Editorial: Is the Japanese government merely a mouthpiece for the United States in the Osprey deployment plan?

Easily swayed by a foreign government, the Japanese government is putting its own people under a cloud of anxiety and risk. Who in heaven’s name is the Japanese government representing?

Prime Minister Yoshihiko Noda’s administration has accepted the U.S. Marine Corps’ plan to deploy Osprey transport aircraft, with its capability to make vertical takeoffs and landings. The United States has formally notified the Japanese government that in late July the Ospreys will first be brought to the U.S. Marine Corps Air Station Iwakuni in Iwakuni, Yamaguchi Prefecture, where test flights will be carried out, before they are deployed at the Marine Corps Air Station Futenma in Ginowan, Okinawa Prefecture.

As recently as two weeks ago, an Air Force Osprey crashed in Florida, but the Japanese government has blindly accepted the U.S. government’s assurances that the aircraft is safe.

It is only natural that the governors and mayors of the areas where the U.S. military bases are located have been unanimous in expressing their opposition to the plan.

Defense Minister Satoshi Morimoto will visit Okinawa and Yamaguchi Prefectures starting today. He himself said decisively, “As the investigation of the accident has not been completed, I know as an ordinary citizen that it is unreasonable to hope that the public will believe in the safety of the aircraft.” Why, then, doesn’t he ask the United States to wait?

The test flights at Iwakuni will reportedly be postponed until the report on the Florida accident is released. The Japanese government appears to want the public to understand that they negotiated with the U.S. side and were successful in getting the United States to offer consideration to the local municipalities. Still, whether or not test flights will be conducted remains the prerogative of the United States.

But in the first place, can the U.S. military’s assurances about the Osprey be believed? The aircraft has had a series of major accidents both during and following its development, with more than 30 crew members losing their lives. In the United States, reports have highlighted that the aircraft is incapable of performing an emergency landing in the event of complete engine failure.

Despite all this, the U.S. Defense Department claims that the aircraft is safe. It says that the fatal accident which occurred in Morocco in April was not caused by defects in the fuselage, but by human error. But the skill of the Osprey pilots must be taken into account in judging the aircraft’s risk.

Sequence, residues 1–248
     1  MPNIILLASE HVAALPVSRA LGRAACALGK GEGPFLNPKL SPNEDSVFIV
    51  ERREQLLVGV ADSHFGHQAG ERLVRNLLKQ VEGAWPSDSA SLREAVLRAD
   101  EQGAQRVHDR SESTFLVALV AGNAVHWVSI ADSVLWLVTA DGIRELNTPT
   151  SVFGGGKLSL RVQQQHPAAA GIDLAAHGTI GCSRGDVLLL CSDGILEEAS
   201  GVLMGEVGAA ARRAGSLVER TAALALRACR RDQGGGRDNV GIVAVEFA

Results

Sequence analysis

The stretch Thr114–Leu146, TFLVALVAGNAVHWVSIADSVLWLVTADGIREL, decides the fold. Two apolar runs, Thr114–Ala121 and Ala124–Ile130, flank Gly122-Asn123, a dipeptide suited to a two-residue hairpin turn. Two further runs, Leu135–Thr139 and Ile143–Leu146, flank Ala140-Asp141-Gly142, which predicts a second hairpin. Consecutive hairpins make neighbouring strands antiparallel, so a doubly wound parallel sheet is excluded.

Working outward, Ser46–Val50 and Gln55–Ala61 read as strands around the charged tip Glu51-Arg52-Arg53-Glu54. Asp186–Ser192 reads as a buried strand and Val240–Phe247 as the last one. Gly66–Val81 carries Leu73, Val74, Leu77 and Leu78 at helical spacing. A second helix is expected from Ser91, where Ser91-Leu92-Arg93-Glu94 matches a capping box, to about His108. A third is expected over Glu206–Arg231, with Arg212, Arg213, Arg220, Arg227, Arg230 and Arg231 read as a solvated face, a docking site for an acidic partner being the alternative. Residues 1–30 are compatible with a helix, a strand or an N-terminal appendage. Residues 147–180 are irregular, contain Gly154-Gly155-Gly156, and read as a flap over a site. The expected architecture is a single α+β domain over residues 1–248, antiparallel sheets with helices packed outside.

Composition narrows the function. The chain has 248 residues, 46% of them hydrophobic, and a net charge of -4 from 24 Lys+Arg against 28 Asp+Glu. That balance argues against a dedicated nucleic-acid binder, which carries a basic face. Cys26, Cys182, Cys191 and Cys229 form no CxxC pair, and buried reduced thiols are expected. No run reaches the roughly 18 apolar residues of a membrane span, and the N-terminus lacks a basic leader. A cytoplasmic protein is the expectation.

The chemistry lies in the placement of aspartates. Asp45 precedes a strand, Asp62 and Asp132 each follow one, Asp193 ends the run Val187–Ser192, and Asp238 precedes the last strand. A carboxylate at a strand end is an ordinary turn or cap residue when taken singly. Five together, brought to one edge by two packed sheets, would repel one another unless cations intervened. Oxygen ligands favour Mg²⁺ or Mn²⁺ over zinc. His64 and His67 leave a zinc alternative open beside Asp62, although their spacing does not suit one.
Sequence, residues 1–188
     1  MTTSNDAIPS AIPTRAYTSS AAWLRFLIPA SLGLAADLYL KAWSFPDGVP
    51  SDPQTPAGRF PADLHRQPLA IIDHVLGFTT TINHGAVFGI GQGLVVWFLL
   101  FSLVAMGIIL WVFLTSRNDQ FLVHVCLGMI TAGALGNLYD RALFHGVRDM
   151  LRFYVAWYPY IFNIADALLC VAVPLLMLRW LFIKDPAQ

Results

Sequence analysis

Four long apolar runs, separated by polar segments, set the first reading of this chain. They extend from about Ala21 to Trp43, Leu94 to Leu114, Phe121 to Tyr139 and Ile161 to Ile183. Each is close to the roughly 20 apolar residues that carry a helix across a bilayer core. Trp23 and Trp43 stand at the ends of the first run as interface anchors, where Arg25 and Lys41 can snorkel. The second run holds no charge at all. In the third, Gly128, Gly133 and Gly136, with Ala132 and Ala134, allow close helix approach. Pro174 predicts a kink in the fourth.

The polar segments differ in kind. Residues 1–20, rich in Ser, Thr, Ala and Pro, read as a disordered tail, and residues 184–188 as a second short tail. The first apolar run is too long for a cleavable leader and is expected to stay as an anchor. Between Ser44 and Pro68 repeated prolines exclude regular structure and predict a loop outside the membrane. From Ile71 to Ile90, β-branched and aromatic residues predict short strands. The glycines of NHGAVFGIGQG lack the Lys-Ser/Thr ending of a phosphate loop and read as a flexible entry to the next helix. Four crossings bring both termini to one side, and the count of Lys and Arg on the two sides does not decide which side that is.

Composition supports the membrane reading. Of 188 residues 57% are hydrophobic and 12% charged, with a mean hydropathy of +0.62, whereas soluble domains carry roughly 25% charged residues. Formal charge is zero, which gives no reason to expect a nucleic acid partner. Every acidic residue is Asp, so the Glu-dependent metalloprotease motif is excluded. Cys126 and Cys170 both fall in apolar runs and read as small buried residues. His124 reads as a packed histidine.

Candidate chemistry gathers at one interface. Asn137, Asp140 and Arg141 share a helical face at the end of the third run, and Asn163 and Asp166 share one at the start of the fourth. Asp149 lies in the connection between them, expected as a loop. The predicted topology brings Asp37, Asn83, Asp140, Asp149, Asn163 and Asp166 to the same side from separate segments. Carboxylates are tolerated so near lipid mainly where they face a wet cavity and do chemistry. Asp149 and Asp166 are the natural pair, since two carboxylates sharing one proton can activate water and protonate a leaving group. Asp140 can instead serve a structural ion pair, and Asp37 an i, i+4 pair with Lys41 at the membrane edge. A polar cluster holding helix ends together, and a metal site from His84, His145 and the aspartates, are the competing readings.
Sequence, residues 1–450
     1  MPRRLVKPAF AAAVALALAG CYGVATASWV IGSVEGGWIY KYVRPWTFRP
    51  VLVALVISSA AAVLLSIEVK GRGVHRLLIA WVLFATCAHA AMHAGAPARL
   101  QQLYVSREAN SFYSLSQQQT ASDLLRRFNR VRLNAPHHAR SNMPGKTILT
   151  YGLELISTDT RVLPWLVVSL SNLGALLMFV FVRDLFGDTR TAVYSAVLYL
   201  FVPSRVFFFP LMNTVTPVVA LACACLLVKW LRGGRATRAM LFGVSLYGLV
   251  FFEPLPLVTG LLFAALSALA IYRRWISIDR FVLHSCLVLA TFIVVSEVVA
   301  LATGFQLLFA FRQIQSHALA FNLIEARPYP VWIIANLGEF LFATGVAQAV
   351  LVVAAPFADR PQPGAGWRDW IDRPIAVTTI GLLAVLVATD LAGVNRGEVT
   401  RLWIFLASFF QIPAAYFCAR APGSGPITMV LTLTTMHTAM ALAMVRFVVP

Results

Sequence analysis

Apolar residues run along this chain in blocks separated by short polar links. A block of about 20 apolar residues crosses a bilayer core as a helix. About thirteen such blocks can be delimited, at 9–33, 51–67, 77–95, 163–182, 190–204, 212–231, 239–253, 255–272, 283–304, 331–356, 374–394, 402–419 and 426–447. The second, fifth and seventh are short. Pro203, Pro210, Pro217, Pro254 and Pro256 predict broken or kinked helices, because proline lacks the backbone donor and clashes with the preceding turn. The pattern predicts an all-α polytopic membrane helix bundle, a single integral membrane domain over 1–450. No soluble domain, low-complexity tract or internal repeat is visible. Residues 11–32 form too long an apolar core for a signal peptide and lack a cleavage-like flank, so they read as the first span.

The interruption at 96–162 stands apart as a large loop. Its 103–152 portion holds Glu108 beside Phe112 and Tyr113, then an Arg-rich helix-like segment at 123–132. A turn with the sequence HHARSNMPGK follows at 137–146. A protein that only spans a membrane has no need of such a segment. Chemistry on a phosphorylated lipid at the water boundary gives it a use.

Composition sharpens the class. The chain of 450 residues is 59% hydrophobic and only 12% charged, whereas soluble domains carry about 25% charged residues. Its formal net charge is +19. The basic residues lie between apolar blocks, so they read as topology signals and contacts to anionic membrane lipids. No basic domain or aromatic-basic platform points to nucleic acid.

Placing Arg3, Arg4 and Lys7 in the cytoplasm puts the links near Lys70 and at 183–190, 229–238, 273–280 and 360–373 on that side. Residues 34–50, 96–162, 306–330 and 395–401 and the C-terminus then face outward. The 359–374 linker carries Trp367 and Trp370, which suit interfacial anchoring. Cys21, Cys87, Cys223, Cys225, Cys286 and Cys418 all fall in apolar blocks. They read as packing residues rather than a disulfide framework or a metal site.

There are also concerns over how the Ospreys will be used after they are deployed in Futenma. According to the environmental assessment report submitted to the Japanese government by the United States, the Ospreys will have training flights over various parts of the Japanese Archipelago. The Osprey deployment is not an issue limited to Okinawa but involving the entire nation. The possibility exists that locations across the country will be exposed to noise pollution in addition to the risk of an accident.

According to the report, Ospreys will fly to Iwakuni Air Station and Camp Fuji in Gotemba, Shizuoka Prefecture, two or three days a month. Although the runway has been shifted to an offshore location at Iwakuni, there are residential areas on the mountain side.

The report also says that Ospreys will fly at a low altitude in the same manner as fighter planes on six routes including the “orange route,” which cuts across the island of Shikoku. It is not clearly stated, but some speculate that the routes will include the “brown route,” which follows the Chugoku Mountains.

Because of the Japan-U.S. Status of Force Agreement, the United States may argue that they have the freedom to fly their aircraft anytime anywhere. Local governments in Japan have long raised protests against low-altitude flights by U.S. jet fighters. It is inexcusable for the United States to be adopting a defiant stance and seeking to use this opportunity of the Osprey deployment to increase the number of training flights.

Unless something is done, public distrust will only be exacerbated. This may even lead to a fundamental review of the Japan-U.S. security alliance.

Following the confusion surrounding the Futenma issue, the administration, led by the Democratic Party of Japan, seems to have been conspicuously currying favor with Washington. The current issue of the Osprey is surely linked to this attitude. Has the administration forgotten about its manifesto, which included an equal partnership between Japan and the United States?

It is not too late. Prime Minister Noda should now retrace his steps, ease the public’s anxiety, and ensure people’s safety. Defense Minister Morimoto should not be visiting Okinawa or Yamaguchi Prefectures. Rather, he ought to be working to dissuade the United States from pushing ahead with the plan to deploy the Osprey.

(Originally published on June 30, 2012)